About a month after listing the Aquarama shirt on our website we got an order from a customer in Osage Beach, MO. We hoped that they knew of the Aquarama and that the shirt might bring back a few fond memories for them. A week or so later we got an email from the customer, Janie, letting us know how much she liked the shirt, wondering if we'd have any interest in learning a little more about the Aquarama. Needless to say we were like kids on Christmas morning! Thanks to Janie, the door to the Aquarama had just cracked open for us.

This was the first of what would become many discoveries as we worked to gather as much history as we could. Janie helped us identify several of the former performers and was the first Aquamaid we interviewed for our blog. That interview led to a comment from Pam, the granddaughter of the couple that built the Aquarama, letting us know we should get in touch with her uncle Marc as he could tell us just about everything we could ever want to know. Marc proved to not only remember just about every detail from the show, but also still had many of the original costumes, cast photos, and even the narration soundtrack from the show. (We bet that at this point we've spent more than 100 hours on the phone with him asking every question you could ever imagine relating to the creation and execution of his family's underwater show.)

The first task we set for ourselves was to try and learn the names of all the former performers that had worked the show. The next logical step for us was to see how many of them we could locate. This would turn into a seven year quest as we worked our way through every resource available and finally, in April of 2013, we had a great phone conversation with our last-to-be-found Aquamaid. We can vividly recall our first contact with each person - we'll admit it's a lot of fun to call someone out of the blue and say, "Were you by any chance a mermaid at the Aquarama in 1966?" The reactions are something we'll never forget, including those of the people who had no idea what we were talking about.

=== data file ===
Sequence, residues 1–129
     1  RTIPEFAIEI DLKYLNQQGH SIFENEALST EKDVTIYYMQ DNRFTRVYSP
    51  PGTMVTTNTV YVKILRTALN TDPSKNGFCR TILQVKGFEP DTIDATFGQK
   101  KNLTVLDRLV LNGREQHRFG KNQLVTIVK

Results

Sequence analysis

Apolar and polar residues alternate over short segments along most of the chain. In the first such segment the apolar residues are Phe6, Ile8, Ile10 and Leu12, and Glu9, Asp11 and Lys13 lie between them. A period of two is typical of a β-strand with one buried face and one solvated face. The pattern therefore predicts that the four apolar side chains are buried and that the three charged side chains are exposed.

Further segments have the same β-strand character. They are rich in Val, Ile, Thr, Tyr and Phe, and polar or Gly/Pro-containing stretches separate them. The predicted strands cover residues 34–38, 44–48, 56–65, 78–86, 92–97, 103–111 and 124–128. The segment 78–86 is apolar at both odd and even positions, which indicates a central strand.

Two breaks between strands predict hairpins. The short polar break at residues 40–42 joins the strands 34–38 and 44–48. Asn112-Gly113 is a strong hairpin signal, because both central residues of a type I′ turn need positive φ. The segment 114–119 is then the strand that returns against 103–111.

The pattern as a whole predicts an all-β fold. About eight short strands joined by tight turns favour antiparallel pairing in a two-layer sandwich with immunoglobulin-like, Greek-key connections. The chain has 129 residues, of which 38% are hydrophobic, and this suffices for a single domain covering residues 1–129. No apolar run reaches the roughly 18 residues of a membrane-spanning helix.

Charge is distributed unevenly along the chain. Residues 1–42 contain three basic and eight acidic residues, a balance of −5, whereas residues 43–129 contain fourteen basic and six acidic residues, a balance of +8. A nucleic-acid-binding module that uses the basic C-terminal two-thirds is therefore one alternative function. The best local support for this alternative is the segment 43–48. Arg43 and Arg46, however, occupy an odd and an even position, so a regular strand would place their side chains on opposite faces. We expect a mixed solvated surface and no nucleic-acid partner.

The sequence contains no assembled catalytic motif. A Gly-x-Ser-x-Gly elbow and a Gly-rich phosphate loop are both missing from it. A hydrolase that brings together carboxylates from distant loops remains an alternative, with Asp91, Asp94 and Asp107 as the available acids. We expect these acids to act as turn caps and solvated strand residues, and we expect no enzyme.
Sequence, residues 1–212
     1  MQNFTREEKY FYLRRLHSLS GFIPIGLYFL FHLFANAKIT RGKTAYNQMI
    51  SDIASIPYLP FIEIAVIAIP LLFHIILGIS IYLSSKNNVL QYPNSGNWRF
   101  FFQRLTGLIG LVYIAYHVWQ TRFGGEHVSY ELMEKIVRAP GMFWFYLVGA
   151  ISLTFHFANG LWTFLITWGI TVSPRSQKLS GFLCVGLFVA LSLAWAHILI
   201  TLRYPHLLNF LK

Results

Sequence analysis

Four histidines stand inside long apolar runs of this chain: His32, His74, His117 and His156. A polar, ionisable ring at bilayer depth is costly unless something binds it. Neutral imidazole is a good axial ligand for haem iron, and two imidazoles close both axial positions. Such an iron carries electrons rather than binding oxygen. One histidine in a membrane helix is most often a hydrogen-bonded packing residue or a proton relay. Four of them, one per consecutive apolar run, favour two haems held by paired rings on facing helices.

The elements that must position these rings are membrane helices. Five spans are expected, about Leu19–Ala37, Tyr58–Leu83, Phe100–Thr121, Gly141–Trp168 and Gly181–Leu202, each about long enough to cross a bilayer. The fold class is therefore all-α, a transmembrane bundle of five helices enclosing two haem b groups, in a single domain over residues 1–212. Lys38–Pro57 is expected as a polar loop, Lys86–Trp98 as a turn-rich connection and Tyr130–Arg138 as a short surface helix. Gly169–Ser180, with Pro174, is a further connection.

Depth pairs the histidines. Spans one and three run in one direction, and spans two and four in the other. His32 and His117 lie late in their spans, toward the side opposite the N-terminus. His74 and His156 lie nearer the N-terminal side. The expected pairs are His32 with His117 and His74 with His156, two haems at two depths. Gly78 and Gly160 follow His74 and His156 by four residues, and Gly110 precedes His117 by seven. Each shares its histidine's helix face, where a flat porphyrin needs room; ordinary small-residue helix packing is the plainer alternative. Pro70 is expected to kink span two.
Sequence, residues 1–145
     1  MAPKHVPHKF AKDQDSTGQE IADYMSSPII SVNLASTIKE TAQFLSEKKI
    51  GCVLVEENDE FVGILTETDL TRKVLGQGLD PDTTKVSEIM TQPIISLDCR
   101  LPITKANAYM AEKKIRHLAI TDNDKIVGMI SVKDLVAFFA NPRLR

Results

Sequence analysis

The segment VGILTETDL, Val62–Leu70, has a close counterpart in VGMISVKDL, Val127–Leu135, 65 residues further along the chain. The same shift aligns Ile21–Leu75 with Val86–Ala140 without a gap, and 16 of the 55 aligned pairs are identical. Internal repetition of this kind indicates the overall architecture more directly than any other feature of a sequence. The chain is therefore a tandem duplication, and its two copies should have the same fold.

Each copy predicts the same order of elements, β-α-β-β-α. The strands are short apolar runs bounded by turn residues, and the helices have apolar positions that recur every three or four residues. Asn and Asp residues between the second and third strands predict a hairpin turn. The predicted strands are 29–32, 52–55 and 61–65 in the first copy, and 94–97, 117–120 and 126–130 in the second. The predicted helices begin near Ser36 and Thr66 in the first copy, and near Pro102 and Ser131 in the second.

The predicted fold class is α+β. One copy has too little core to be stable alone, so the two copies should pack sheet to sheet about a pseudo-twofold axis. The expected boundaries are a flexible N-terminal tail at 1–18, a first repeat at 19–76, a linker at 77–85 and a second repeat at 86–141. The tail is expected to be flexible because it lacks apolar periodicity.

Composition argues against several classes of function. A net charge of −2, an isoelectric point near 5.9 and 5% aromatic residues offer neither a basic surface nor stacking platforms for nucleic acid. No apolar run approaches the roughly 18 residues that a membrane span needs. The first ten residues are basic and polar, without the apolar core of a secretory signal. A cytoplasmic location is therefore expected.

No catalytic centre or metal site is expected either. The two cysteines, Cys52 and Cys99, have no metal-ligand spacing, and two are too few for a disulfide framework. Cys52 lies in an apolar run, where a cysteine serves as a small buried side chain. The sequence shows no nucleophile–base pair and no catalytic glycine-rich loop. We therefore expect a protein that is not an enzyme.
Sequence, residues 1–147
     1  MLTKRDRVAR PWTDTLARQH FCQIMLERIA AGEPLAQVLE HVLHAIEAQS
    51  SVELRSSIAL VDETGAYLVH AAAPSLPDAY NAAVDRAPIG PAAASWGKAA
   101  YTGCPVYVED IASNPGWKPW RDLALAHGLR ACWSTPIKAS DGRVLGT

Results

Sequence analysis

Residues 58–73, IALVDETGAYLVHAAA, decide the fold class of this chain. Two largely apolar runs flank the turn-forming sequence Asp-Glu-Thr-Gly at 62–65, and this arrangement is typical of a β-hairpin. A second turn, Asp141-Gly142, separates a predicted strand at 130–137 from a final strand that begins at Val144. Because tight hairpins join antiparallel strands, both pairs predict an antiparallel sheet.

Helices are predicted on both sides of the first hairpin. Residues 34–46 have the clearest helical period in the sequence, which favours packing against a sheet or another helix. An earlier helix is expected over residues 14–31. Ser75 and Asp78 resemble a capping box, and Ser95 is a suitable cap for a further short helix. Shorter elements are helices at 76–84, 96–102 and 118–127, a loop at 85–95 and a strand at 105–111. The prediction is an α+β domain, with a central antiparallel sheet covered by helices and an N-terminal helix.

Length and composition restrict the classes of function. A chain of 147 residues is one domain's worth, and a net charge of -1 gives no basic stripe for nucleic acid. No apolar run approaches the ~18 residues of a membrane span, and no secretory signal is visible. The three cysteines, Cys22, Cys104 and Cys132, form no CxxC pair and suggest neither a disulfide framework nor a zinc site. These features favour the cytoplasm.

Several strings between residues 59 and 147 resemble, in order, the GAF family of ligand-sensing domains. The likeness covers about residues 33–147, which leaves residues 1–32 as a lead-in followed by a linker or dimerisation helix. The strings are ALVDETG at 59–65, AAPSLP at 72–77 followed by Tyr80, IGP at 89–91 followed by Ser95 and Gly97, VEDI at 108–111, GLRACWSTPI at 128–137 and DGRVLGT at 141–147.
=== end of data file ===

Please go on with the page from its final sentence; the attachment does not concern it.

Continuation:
Those years have given us great memories of phone calls, emails, shared souvenirs, and meeting the original Aqualad, Marc, and the original Aquamaid, Barbara, as they each passed through Portland, Oregon.

Meanwhile, while we were looking for everyone, or mermaid wrangling as we liked to think of it, we thought, "Wouldn't it be great if someday there could be a reunion similar to the one held every few years at Weeki Wachee?" After talking about it for a couple of years we decided the time had come. We knew the location needed to be in Osage Beach and began the process of planning it from here in Oregon. Aquamaid Marlen was an invaluable help as was our friend Todd from over at Neato Coolville.

The plan for the reunion was to get as many people together as we could for a Friday night dinner and an all-day picnic on Saturday. Everything came together smoothly and we counted down the days until the event. We kept an eye on the temperature in Osage Beach and things were rolling along in the 70's and 80's until three days before the picnic when we were faced with the one thing we couldn't control - the weather. The day we were flying out to Missouri was spent lining up an indoor venue for the picnic when thankfully Dean at the Tan-Tar-A Lodge came through with a wonderful gathering place. Friday and Saturday ended up being somewhere around 40 degrees so being outside would have been less than ideal for everyone!